Structure-property relationships of nonlinear optical chromophores and their application towards sensing in biological systems

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Tillotson, John P.
Perry, Joseph W.
Silva, Carlos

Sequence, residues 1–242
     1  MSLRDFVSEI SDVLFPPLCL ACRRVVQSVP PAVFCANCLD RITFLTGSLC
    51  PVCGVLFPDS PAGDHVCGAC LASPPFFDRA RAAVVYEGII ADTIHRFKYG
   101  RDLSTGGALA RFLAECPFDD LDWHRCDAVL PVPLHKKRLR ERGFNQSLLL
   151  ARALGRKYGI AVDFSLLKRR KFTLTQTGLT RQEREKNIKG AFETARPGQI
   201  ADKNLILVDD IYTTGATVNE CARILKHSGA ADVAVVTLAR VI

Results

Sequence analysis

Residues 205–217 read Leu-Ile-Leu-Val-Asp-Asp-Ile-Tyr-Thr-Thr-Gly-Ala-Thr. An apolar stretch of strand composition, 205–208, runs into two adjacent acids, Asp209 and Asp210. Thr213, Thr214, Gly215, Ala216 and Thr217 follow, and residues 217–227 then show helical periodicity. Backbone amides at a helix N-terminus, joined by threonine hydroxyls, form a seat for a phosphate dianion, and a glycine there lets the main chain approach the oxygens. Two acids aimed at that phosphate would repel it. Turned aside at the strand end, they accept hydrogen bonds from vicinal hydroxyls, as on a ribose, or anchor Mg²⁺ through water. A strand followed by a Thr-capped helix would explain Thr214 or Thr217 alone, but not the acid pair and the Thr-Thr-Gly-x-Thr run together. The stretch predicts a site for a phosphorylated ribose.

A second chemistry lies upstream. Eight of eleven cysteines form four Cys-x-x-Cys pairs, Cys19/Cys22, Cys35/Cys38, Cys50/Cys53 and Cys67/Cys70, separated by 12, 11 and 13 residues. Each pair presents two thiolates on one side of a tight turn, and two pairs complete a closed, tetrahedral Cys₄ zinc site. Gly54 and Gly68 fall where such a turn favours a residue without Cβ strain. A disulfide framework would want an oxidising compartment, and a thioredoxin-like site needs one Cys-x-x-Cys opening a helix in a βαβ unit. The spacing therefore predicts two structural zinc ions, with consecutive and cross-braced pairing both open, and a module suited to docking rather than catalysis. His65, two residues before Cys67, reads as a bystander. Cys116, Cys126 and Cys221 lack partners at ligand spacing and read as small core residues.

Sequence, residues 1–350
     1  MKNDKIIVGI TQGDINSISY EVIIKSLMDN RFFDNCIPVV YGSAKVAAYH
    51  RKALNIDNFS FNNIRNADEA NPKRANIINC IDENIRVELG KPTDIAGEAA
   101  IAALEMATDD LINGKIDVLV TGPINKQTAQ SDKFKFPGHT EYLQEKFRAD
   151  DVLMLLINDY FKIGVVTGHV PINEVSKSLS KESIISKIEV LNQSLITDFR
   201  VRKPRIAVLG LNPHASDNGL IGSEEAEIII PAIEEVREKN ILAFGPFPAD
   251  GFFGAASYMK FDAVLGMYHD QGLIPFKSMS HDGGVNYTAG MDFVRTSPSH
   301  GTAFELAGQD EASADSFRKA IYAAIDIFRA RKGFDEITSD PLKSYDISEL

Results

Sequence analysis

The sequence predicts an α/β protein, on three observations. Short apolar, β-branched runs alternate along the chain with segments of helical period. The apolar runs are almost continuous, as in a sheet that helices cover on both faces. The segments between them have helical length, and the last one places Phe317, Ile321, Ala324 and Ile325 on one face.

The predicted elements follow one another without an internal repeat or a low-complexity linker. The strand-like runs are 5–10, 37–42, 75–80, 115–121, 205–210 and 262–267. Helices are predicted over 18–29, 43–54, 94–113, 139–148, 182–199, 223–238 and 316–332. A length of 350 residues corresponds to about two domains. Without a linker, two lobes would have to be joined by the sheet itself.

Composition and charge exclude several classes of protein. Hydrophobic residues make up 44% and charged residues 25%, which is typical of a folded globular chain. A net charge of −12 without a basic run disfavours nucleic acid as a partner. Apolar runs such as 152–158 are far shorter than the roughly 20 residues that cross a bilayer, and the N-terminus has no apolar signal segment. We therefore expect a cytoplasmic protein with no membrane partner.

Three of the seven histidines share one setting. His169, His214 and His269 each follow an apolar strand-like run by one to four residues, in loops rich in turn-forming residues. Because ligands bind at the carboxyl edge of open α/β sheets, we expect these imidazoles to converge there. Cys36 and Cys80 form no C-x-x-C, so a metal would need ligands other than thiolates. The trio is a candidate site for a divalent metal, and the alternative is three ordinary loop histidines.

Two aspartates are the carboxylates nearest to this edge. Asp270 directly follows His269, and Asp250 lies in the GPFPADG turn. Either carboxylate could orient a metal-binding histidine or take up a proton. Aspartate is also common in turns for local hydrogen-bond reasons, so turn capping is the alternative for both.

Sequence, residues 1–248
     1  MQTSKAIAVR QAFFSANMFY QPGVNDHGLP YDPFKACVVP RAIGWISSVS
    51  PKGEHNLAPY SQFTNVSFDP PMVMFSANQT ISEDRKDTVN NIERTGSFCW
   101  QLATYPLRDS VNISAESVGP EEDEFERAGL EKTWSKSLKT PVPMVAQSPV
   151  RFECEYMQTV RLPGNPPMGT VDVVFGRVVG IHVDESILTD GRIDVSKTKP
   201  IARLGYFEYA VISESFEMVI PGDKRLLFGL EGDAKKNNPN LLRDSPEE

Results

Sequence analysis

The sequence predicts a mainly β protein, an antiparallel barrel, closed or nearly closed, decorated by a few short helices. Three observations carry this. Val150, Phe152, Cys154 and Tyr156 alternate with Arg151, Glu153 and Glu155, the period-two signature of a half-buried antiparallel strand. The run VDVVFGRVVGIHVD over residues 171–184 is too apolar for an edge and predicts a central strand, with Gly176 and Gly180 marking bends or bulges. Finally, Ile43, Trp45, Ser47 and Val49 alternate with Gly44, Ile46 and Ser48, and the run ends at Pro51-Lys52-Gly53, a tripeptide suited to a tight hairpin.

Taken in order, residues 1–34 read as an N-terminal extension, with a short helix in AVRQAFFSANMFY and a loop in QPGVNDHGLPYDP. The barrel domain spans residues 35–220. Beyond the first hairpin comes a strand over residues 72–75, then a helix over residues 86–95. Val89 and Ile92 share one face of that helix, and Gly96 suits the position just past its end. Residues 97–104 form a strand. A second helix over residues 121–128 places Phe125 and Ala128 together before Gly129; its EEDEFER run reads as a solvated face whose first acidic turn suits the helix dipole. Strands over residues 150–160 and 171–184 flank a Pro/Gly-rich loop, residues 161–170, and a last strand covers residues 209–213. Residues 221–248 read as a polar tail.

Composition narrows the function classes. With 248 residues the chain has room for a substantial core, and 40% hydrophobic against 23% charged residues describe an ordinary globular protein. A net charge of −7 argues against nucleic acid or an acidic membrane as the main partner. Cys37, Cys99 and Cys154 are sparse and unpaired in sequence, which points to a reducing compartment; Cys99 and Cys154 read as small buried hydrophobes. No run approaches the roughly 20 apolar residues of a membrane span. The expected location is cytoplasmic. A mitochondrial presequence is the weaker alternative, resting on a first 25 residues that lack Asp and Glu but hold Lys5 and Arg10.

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This dissertation investigates the use of nonlinear optical chromophores, typically with strong second-order nonlinearities, for sensing applications in biological systems. The two main areas of focus, in terms of biological sensing, are the two-photon excited fluorescent sensing of metal ions in biological environments and the sensing of transmembrane potentials, such as an action potential in a neuron. The metal ion sensing work can be broken down into two major approaches. First, a calcium ion sensitive dye with a donor-π-donor-binding domain architecture was synthesized in excellent yield by sequential Horner-Wadsworth-Emmons reactions. This chromophore, BAPTA-bisstyrylbenzene (BAPTA-BSB), shows a strong two-photon absorbance (2PA) cross-section of about 400 GM. The second major phase of the metal ion sensing work is the investigation of the effects of surface charge on the sensing efficacy of chromophore with a donor-π-acceptor-binding domain architecture, which is sensitive to zinc ions. This chromophore, called SL-35, was synthesized by Dr. Sumalekshmy in Professor Christoph Fahrni’s research group. The architecture of SL-35 was purposefully designed, such that the binding of the zinc ion increases the acceptor strength of the acceptor, resulting in an increase in the charge transfer and the 2PA cross-section. This increase in acceptor strength also results in redshifted absorbance and fluorescence spectra, allowing for ratiometric sensing. The sensitivity of SL-35 was assessed in micelles of varying surface charge: cetyltrimethylammonium bromide (CTAB) – positive, Triton-X – neutral, and sodium dodecylsulfate (SDS) – negative. Zn(II) titrations of SL-35 encapsulated in micelles of the three surfactants listed above, demonstrate the surface charge affects the sensing efficacy of the chromophore. In SDS micelles, the negative charge of the micelle acts to increase the sensitivity of SL-35 toward Zn(II) ions, while CTAB micelles diminish its sensitivity. The observed results can be explained by the electrostatic interactions between the micelles and the zinc cations. The CTAB micelles repel the similarly charged metal ions, while the SDS micelles attract the oppositely charged ions. The investigation of neural circuitry has become a very important to the medical field over the last few decades. The action potential was first described as a rapid reorganization of ions across a neuronal membrane in 1945. Though the phenomenon has been measured and described, the understanding of the communications between neurons in a network is lacking. Our approach to this problem is based on second harmonic generation (SHG) imaging. SHG is well suited to sensing transmembrane potentials because it offers the distinct advantage of being sensitive to an external electric field. The maximization of SHG sensitivity is investigated by two main approaches. First, the use of cyanine dyes seems counterintuitive for SHG applications as they have minimal second order nonlinearities. That said, the maximal change in SHG signal in response to an electric field occurs where the signal is at its smallest. Second, the scaling behavior of the ratio of the third-order (𝛄) to the second-order (β) nonlinearities increases with the length of a strongly dipolar chromophore. The SHG sensitivity is directly proportional to the ratio of 𝛄/β. A series of strong merocyanines of varying length and acceptor strength were used to investigate this scaling behavior. The SHG sensitivity of both sets of chromophores was estimated by three methods. First the static nonlinearities were used to investigate the completely electrooptic components of SHG based on the ratio of 𝛄/β. Second, the field-dependent second-order nonlinearities were used to estimate the SHG sensitivity. The field was changed by varying the solvent, evoking the Onsager reaction field. These fields changes are significantly larger that of an action potential. Finally, the SHG sensitivity was estimated by measuring the change in response of target chromophores encapsulated in phosphatidyl choline vesicles. The potential was created by varying the potassium ion concentration inside and outside of the vesicles. The introduction of a potassium ions – specific ionophore allowed for the generation of a transmembrane potential. Through these methods, we see significant SHG sensitivities of more than a 25% change per 100 mV of field change in several of the merocyanines studied as well as an azaazulene-based cyanine. These results suggest that the optimization of SHG sensitivity can occur using both approaches taken.
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